It requires tactical flexibility. Emery’s preference for making frequent changes in formation and personnel has frustrated fans at times this season, but it is all part of his philosophy. “We try to adapt to the demands of our opponents,” he says, “to find the best way to approach each game with regards to our players, our system and our idea.”
It is also why he demands such high levels of intensity. “In the Premier League, technical quality without physicality is not enough,” he says. “City, Liverpool, Tottenham, Chelsea… All the top teams here are physical and technical. Arsenal need to be the same.”
Emery’s efforts to toughen Arsenal up are a work-in-progress. Premier League tracking data shows they are already covering more ground than any other side this season, but the manager wants more. He wants to see the same hunger and desire in every moment of every game and views the 4-2 win over Tottenham in December as a template to follow.
“My goal is that the team transmits energy, passion and the determination to win,” he says. “That creates an emotional connection with the fans. It creates hope and excitement. It creates passion for what we are doing and makes the fans love Arsenal more. It’s about making the fans proud and making the public want to watch Arsenal from the first minute to the 94th.
“We need to be more consistent with that. Against Tottenham, for example, the fans were really pumped up because it was a derby and because of what we were transmitting on the pitch, but I want us to be capable of creating that same feeling, that same passion and intensity, against any other team.”
‘We have to keep taking steps forward’
The challenge now is to rediscover those performance levels for the crucial run of fixtures ahead, but it won’t be long until attention turns to the summer. There have been reports of a potential squad overhaul, with Champions League qualification seen as vital to the club’s spending power, but Emery doesn’t sound like a man plotting major changes.
“We have to keep taking steps forward and the club is working towards that,” he says. “There could be a lot of movement in terms of signings and departures or there could be a little, but first of all I believe there is a good base for the team already here.”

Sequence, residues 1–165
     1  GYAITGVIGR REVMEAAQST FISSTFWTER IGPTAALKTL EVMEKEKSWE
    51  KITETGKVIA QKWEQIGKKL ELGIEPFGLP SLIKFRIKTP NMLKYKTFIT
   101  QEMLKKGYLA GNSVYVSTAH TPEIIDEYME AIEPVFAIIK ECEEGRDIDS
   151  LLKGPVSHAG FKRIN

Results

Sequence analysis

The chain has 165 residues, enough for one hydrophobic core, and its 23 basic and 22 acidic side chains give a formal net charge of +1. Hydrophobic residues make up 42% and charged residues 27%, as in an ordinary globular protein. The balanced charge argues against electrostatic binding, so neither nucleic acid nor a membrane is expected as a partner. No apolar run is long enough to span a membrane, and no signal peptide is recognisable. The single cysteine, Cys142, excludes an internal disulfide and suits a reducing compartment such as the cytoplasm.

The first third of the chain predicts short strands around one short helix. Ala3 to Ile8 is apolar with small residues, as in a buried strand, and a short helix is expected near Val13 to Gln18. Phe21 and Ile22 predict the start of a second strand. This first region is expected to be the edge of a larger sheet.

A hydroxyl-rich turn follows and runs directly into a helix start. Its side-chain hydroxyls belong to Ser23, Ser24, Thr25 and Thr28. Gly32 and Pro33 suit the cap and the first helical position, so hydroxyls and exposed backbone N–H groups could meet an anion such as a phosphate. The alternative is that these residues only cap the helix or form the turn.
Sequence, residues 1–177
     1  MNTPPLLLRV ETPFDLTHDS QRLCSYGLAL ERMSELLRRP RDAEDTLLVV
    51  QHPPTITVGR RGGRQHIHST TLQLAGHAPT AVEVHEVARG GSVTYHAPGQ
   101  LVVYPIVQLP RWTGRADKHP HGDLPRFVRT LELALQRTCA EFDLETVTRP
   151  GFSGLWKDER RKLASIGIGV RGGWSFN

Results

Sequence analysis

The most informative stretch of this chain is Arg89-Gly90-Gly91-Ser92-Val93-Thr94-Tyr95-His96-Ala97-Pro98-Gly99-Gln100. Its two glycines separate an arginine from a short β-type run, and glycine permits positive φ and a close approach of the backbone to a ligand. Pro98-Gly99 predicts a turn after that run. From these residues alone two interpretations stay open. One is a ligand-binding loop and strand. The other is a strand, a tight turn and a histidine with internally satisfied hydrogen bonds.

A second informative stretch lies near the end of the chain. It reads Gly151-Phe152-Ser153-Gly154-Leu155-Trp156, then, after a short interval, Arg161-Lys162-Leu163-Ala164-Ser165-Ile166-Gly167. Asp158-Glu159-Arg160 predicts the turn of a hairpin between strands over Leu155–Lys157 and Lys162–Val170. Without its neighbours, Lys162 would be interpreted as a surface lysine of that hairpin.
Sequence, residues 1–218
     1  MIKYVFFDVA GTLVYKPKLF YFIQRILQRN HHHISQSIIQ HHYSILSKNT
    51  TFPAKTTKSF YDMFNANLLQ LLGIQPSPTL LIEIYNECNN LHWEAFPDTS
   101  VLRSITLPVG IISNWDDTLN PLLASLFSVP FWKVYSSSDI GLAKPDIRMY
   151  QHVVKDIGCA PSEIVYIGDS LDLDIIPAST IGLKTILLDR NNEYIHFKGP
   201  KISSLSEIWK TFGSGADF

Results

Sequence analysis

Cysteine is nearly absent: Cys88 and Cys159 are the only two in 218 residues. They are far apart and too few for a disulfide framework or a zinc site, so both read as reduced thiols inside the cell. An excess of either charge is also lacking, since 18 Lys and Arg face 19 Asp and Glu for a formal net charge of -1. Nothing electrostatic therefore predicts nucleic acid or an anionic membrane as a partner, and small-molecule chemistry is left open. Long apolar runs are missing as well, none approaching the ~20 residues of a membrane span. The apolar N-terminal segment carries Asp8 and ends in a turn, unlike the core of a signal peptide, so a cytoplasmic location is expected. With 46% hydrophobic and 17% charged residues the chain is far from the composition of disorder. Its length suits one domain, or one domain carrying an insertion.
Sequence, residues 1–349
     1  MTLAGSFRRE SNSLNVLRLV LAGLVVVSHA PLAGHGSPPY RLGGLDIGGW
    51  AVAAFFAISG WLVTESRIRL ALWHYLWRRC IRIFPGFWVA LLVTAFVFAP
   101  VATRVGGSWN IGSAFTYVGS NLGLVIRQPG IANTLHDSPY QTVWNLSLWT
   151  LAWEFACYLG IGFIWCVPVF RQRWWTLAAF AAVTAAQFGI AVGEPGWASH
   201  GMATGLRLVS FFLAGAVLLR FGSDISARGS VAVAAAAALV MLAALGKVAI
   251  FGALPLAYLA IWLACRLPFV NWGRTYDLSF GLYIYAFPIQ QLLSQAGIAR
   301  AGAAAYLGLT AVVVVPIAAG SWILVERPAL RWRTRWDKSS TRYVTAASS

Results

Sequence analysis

One player certain to depart, though, is the Juventus-bound Aaron Ramsey. Arsenal have had an ominous glimpse of life without him since he suffered a hamstring injury in Naples last week, badly missing his tenacity and quality in midfield against Palace and Wolves. Is Emery confident that the club will be able to adequately replace him?
“Yes, but there are also players coming through from the academy who are producing good performances and who could progress,” he says. “We could replace him with a player from outside, or with a player who is already here who can grow like he did himself.”
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Emery stops short of naming any names – he does not wish to burden any young players with undue expectation – but his ambivalent attitude towards transfers reflects his passion for coaching. His determination to improve his players extends to every member of his squad. Earlier this week, he even launched an impassioned defence of the much-maligned Shkodran Mustafi.
“I take a lot of satisfaction from players progressing individually and the improvement of their statistics,” he says. “I think there are a lot of players who have made progress this season. There’s Matteo Guendouzi. There’s Lucas Torreira. There’s also the statistics of the goalscorers together – Laca [Alexandre Lacazette] as much as Auba [Pierre-Emerick Aubameyang]. They are both scoring an important number of goals.”
Arsenal need to see more of that improvement in the coming week if the last two games are anything to go by. Emery knows what happens next could make or break his first season in charge, but he comes back to the same message as he discusses the challenge ahead. Arsenal’s continued evolution, he says, is a process which needs time.
“When you lose, everything looks bad and you want to change everything, and when you win, it’s the opposite. It’s a case of being patient at some moments and finding a balance. You have to understand the things that still need to improve in victory, and also the things that are good even in defeat. You have to accumulate all that information to know how to move forward.
“Right now, I can say that our motivation is at the highest level to succeed in both the Premier League and the Europa League. My message to the fans is that they believe in us, and above all that they show their support towards los Gunners.”